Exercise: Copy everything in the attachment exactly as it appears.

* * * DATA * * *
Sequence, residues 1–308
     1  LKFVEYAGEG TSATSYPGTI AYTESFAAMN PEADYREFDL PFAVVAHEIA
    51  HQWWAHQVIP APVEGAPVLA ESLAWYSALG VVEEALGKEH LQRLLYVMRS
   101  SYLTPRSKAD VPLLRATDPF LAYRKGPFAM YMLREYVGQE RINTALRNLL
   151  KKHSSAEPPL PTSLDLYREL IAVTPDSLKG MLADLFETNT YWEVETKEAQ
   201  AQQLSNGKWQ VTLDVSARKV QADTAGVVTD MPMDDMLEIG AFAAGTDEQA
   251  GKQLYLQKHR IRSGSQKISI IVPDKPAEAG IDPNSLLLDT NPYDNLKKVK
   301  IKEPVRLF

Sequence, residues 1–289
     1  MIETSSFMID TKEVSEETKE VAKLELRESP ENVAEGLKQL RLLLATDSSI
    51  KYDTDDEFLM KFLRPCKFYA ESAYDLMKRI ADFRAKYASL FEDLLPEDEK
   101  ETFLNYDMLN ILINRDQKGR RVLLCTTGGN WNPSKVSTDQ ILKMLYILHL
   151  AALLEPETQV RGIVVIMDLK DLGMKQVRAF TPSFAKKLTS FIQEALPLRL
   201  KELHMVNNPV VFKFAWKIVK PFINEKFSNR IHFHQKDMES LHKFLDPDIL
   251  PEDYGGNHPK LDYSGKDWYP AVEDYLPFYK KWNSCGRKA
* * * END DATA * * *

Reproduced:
Sequence, residues 1–308
     1  LKFVEYAGEG TSATSYPGTI AYTESFAAMN PEADYREFDL PFAVVAHEIA
    51  HQWWAHQVIP APVEGAPVLA ESLAWYSALG VVEEALGKEH LQRLLYVMRS
   101  SYLTPRSKAD VPLLRATDPF LAYRKGPFAM YMLREYVGQE RINTALRNLL
   151  KKHSSAEPPL PTSLDLYREL IAVTPDSLKG MLADLFETNT YWEVETKEAQ
   201  AQQLSNGKWQ VTLDVSARKV QADTAGVVTD MPMDDMLEIG AFAAGTDEQA
   251  GKQLYLQKHR IRSGSQKISI IVPDKPAEAG IDPNSLLLDT NPYDNLKKVK
   301  IKEPVRLF

Sequence, residues 1–289
     1  MIETSSFMID TKEVSEETKE VAKLELRESP ENVAEGLKQL RLLLATDSSI
    51  KYDTDDEFLM KFLRPCKFYA ESAYDLMKRI ADFRAKYASL FEDLLPEDEK
   101  ETFLNYDMLN ILINRDQKGR RVLLCTTGGN WNPSKVSTDQ ILKMLYILHL
   151  AALLEPETQV RGIVVIMDLK DLGMKQVRAF TPSFAKKLTS FIQEALPLRL
   201  KELHMVNNPV VFKFAWKIVK PFINEKFSNR IHFHQKDMES LHKFLDPDIL
   251  PEDYGGNHPK LDYSGKDWYP AVEDYLPFYK KWNSCGRKA